Originally published online at ComicMix.com, this has been in the works for over 12 years. It is a passionate and unrestrained depiction of Johnson’s life and the racial tension of America at the time. You can read the first 100 or so pages at ComicMix. (Oh and by the way: IDW, update your online store.)
“MARVELS is a giant leap forward in the evolution of illustrated literature.” — Stan Lee
Welcome to New York. Here, burning figures roam the streets, men in brightly colored costumes scale the glass and concrete walls, and creatures from space threaten to devour our world. This is the Marvel Universe, where the ordinary and fantastic interact daily. This is the world of Marvels.
Originally released in 1994 to much acclaim and enthusiasm, this new printing provides a great introduction to the world of superheroes and the superhero world of the Marvel Universe in particular. Looking back at it now, the painted art feels like it’s a little much (do superheroes really need to be that realistic and life like?) but with superhero movies now a pretty normal occurrence, maybe it was never that big of a leap. Either way, the story is told from the point of view of a normal guy in Marvel’s New York struggling through life as flashy dressed people with extraordinary abilities start running around the city and inevitably break things. There’s a small preview at the Amazon link above.
From the great cartoonist-reporter, a sweeping, original investigation of a forgotten crime in the most vexed of places.
Rafah, a town at the bottommost tip of the Gaza Strip, is a squalid place. Raw concrete buildings front trash-strewn alleys. The narrow streets are crowded with young children and unemployed men. On the border with Egypt, swaths of Rafah have been bulldozed to rubble. Rafah is today and has always been a notorious flashpoint in this bitterest of conflicts.
Buried deep in the archives is one bloody incident, in 1956, that left 111 Palestinians dead, shot by Israeli soldiers. Seemingly a footnote to a long history of killing, that day in Rafah—cold-blooded massacre or dreadful mistake—reveals the competing truths that have come to define an intractable war. In a quest to get to the heart of what happened, Joe Sacco immerses himself in daily life of Rafah and the neighboring town of Khan Younis, uncovering Gaza past and present. Spanning fifty years, moving fluidly between one war and the next, alive with the voices of fugitives and schoolchildren, widows and sheikhs, Footnotes in Gaza captures the essence of a tragedy.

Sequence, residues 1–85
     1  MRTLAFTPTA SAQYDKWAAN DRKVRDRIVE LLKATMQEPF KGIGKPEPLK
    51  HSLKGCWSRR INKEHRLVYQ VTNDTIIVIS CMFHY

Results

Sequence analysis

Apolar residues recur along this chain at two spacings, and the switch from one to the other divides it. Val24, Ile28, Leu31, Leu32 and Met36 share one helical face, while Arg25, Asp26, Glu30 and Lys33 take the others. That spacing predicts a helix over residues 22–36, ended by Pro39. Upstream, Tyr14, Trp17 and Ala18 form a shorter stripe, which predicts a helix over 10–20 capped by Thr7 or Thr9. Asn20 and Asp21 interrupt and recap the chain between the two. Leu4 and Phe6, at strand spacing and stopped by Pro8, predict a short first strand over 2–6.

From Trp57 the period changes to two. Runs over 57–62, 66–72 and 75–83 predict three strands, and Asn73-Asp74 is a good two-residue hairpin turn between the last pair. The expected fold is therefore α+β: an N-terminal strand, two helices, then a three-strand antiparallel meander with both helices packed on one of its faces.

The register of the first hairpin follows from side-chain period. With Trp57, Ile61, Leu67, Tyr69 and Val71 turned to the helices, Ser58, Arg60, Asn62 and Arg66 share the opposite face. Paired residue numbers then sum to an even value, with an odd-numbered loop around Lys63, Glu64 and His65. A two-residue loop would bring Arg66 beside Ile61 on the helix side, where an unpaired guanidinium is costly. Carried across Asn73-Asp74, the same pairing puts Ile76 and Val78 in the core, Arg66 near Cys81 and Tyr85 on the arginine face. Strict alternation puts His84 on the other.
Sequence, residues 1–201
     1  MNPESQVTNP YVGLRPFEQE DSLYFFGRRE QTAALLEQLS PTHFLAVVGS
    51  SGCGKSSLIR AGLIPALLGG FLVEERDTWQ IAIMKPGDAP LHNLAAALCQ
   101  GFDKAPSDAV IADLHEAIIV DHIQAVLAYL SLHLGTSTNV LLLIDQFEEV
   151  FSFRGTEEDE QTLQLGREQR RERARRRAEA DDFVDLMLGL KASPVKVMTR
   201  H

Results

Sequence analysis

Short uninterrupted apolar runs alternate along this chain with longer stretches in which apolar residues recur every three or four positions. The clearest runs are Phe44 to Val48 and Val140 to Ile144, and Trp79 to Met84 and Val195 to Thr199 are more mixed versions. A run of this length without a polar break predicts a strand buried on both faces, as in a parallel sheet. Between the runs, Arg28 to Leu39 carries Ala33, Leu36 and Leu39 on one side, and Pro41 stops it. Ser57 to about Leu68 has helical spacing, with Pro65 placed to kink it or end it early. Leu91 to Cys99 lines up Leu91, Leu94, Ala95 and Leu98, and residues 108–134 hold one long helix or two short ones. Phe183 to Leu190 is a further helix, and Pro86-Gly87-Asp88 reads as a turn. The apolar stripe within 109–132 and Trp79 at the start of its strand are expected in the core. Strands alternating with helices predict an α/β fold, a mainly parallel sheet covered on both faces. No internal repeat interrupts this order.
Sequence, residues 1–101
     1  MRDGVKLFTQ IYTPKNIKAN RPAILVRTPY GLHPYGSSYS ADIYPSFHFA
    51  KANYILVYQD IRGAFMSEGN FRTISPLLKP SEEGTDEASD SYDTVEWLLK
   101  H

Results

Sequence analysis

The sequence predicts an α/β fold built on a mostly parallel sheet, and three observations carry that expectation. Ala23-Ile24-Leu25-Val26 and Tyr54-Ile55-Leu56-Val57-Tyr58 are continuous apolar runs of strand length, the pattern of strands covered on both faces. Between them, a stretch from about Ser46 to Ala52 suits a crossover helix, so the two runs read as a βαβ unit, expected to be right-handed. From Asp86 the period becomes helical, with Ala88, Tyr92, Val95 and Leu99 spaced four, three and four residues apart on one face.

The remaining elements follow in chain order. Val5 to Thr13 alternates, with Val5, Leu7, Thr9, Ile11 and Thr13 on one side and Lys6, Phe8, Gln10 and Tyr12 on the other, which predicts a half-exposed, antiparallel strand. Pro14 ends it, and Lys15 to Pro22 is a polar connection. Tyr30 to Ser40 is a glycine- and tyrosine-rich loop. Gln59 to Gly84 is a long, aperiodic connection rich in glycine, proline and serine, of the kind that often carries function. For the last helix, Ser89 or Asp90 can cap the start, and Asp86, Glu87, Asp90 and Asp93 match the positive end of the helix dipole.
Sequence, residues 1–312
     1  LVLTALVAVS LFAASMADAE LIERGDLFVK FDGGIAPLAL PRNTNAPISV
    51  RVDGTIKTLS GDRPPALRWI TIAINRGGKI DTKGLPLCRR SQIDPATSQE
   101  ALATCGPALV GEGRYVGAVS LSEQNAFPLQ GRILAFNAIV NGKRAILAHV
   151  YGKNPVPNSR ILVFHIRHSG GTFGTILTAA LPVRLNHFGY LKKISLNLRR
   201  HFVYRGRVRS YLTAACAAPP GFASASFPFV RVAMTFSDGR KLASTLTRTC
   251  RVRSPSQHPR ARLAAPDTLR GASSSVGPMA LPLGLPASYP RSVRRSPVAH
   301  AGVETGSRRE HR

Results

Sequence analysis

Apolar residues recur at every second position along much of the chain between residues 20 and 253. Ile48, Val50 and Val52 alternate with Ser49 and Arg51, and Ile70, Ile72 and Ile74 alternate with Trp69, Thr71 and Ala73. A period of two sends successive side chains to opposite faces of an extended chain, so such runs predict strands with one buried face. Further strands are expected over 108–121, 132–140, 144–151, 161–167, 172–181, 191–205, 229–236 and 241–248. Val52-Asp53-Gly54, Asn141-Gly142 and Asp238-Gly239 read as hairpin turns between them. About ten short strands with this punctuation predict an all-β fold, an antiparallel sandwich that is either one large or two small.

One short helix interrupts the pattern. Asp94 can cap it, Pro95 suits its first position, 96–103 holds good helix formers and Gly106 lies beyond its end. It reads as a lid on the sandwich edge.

As in Palestine and Safe Area Goražde, Sacco’s unique visual journalism has rendered a contested landscape in brilliant, meticulous detail. Footnotes in Gaza, his most ambitious work to date, transforms a critical conflict of our age into an intimate and immediate experience.
I’m a big admirer of Joe Sacco and his work, and here it looks like he’s going one step further in developing comics journalism, where he targets one specific story to investigate. Here’s a great preview (PDF) that pulled me right in. I need to get this.
Luke looks on at the pigeons in Central Park, while Dad is lost in “boring Daddy talk,” and before you know it—LUKE IS ON THE LOOSE! He’s free as a bird, on a hilarious solo flight through New York City.
Harry Bliss, the renowned illustrator of many bestselling children’s books, finally goes on a solo flight on his own with a soaring story that will delight any young reader who has ever felt cooped up.
This looks very cute. Recommended for kids age 4-8, but I won’t tell anyone if you’re older and get this because it looks very charming and fun. Here is a preview of the kid running through the city with his new pigeon friends causing mayhem.
For the first time ever, the groundbreaking autobiographical comics of master cartoonist Eddie Campbell (FROM HELL) are collected in a single volume!
Brilliantly observed and profoundly expressed, the ALEC stories present a version of Eddie’s own life, filtered through the alter ego of “Alec MacGarry.” Over many years, we witness Alec’s (and Eddie’s) progression “from beer to wine” — wild nights at the pub, existential despair, the hunt for love, the quest for art, becoming a responsible breadwinner, feeling lost at his own movie premiere, and much more! Eddie’s outlandish fantasies and metafictional tricks convert life into art, while staying fully grounded in his own absurdity. At every point, the author’s uncanny eye for irony and wry self-awareness make even the smallest occasion into an opportunity for wit and wisdom. Quite simply, ALEC is a masterpiece of visual autobiography.
ALEC: THE YEARS HAVE PANTS (A LIFE-SIZE OMNIBUS) collects the previous Alec books THE KING CANUTE CROWD, GRAFFITI KITCHEN, HOW TO BE AN ARTIST, LITTLE ITALY, THE DEAD MUSE, THE DANCE OF LIFEY DEATH, AFTER THE SNOOTER, as well as a generous helping of rare and never-before-seen material, including an all-new 35-page book, THE YEARS HAVE PANTS.
I don’t know, that blurb kind of says it all. Here’s a 16-page preview.